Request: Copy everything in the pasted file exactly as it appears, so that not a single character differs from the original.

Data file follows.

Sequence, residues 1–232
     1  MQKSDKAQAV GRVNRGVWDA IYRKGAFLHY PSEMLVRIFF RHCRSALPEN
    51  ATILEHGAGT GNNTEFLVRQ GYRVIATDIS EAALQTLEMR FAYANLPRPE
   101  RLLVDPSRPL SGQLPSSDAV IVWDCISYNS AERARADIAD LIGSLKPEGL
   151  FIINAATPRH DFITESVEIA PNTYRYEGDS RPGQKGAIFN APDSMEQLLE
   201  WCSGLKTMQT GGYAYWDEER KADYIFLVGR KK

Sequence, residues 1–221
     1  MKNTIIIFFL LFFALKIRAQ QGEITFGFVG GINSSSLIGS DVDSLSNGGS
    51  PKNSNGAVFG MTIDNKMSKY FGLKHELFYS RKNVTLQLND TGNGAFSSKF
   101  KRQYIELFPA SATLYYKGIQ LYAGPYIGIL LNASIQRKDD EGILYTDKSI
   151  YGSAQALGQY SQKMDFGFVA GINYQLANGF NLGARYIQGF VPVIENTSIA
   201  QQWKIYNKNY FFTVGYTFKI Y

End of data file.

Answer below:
Sequence, residues 1–232
     1  MQKSDKAQAV GRVNRGVWDA IYRKGAFLHY PSEMLVRIFF RHCRSALPEN
    51  ATILEHGAGT GNNTEFLVRQ GYRVIATDIS EAALQTLEMR FAYANLPRPE
   101  RLLVDPSRPL SGQLPSSDAV IVWDCISYNS AERARADIAD LIGSLKPEGL
   151  FIINAATPRH DFITESVEIA PNTYRYEGDS RPGQKGAIFN APDSMEQLLE
   201  WCSGLKTMQT GGYAYWDEER KADYIFLVGR KK

Sequence, residues 1–221
     1  MKNTIIIFFL LFFALKIRAQ QGEITFGFVG GINSSSLIGS DVDSLSNGGS
    51  PKNSNGAVFG MTIDNKMSKY FGLKHELFYS RKNVTLQLND TGNGAFSSKF
   101  KRQYIELFPA SATLYYKGIQ LYAGPYIGIL LNASIQRKDD EGILYTDKSI
   151  YGSAQALGQY SQKMDFGFVA GINYQLANGF NLGARYIQGF VPVIENTSIA
   201  QQWKIYNKNY FFTVGYTFKI Y